Give parents the choice to either accept the vouchers, and have their children be tested at the end of the education process; or to do without the vouchers and the testing.

…And then see if the children end up learning more, or less. I’m betting on more.

Postscript

Having now put two children through school I can honestly say that the public schools do exceptionally well for what they have been tasked with doing. They do a far better job of educating all the children than most of the charter schools do with educating the children of parents interested enough in their children’s learning to take the time to put them in the charter instead of just sending them to the public school.

That is the big difference. If you have the time and the money you can find a school that produces a better education for less money. But the playing field is not level. Public schools have to educate all of the children, even the ones that don’t have parents that care and the ones that have learning disabilities. Charter schools fail in those categories because those are the groups that are hardest to educate and charters aren’t given enough money to educate those kinds of children. So they don’t try, and they aren’t required to do it anyway.

The problem with school remains the straightjacket that they have been confined to for too long. We would do much better if we made schooling something that can be done anywhere and any time. If we understood that children want to learn, they don’t have to be forced to learn.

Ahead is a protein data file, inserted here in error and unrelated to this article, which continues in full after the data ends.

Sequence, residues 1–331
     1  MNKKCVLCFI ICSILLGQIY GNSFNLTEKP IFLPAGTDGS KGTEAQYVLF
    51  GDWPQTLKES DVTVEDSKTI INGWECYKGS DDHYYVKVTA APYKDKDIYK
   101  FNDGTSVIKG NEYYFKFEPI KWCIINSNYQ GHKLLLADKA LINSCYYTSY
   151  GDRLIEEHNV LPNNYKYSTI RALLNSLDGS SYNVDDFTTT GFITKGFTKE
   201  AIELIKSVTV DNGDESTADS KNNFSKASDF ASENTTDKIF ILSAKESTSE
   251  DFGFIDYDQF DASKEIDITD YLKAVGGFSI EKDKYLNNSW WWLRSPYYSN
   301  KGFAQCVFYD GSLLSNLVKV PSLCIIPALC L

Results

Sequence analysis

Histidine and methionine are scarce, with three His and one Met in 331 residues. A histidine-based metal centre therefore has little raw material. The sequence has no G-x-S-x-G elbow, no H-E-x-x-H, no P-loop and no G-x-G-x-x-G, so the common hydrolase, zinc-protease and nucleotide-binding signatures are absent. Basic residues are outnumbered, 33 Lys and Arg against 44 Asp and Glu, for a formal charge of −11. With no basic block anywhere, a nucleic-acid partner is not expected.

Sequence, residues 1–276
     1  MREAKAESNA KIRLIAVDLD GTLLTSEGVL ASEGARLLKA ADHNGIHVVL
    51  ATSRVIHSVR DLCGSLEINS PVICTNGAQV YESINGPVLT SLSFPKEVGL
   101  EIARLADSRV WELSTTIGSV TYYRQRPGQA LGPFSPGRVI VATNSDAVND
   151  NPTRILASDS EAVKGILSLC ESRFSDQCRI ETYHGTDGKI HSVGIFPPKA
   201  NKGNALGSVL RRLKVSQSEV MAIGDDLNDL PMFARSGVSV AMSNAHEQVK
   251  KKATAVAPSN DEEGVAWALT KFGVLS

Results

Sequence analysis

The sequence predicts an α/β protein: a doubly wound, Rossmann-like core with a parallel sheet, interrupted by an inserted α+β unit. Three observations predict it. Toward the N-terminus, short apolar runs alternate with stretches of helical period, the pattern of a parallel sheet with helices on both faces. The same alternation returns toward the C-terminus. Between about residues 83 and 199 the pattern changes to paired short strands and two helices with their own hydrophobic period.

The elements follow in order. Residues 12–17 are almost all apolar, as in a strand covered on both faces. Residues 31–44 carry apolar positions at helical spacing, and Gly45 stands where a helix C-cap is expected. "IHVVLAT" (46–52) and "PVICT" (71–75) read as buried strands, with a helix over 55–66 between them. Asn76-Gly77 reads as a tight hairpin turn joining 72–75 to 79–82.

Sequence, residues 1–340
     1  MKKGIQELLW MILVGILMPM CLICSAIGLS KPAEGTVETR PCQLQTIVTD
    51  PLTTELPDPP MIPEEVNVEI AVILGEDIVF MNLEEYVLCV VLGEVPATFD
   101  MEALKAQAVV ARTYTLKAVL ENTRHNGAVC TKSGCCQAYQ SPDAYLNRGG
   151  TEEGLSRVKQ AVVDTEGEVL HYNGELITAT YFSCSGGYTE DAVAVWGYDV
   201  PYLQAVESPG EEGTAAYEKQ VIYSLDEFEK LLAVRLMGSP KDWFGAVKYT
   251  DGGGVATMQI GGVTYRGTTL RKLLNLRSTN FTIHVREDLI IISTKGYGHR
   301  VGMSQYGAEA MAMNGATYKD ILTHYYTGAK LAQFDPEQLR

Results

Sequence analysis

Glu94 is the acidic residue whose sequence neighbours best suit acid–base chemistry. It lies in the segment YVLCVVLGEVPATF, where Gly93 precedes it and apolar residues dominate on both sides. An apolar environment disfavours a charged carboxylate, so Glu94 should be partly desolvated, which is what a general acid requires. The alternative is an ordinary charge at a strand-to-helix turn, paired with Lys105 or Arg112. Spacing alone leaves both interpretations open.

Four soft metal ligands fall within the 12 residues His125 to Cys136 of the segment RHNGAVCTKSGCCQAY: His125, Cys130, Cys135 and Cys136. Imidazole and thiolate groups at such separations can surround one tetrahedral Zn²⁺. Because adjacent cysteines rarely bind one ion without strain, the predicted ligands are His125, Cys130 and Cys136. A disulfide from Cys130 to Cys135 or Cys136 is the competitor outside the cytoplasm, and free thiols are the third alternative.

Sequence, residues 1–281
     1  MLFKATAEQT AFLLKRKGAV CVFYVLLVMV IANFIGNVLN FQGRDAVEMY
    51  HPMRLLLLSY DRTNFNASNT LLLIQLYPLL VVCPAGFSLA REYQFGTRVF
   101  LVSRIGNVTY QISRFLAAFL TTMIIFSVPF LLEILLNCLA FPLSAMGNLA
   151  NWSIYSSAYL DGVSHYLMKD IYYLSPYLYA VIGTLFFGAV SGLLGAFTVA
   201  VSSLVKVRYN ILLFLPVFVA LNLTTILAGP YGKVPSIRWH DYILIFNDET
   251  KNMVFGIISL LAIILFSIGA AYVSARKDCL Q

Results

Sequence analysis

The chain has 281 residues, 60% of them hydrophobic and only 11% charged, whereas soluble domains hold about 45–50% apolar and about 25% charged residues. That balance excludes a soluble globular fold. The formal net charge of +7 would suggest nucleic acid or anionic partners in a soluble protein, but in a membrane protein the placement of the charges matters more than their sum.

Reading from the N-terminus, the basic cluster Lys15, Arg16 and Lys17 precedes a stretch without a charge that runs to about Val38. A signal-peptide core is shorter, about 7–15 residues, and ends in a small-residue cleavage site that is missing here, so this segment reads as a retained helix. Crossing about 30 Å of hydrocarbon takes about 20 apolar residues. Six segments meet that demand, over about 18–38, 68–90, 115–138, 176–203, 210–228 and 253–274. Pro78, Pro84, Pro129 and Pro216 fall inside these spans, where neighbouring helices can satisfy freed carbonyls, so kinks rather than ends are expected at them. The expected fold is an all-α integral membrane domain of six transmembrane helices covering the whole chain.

Teaching People to Think

Hello, I’m Anthony. (Hi Anthony) …And I’m a Forum Addict.

This addiction started years ago with CompuServe forums and Usenet, not long after we got our first internet account back in ’94, through the local university. I started looking for people to talk with online in this new social experiment we had created with computer technology. At first the addiction seemed innocuous enough, just chatting with people who had shared interests. There was the occasional disagreement with the odd agitator who showed up just to argue, but all and all, a forum was a friendly place. I’m not quite sure when or how it happened, but as time progressed it seems that the forums became more about the disagreement, and less about the sharing of knowledge. Perhaps we are all looking for that emotional high that comes from being in a good argument.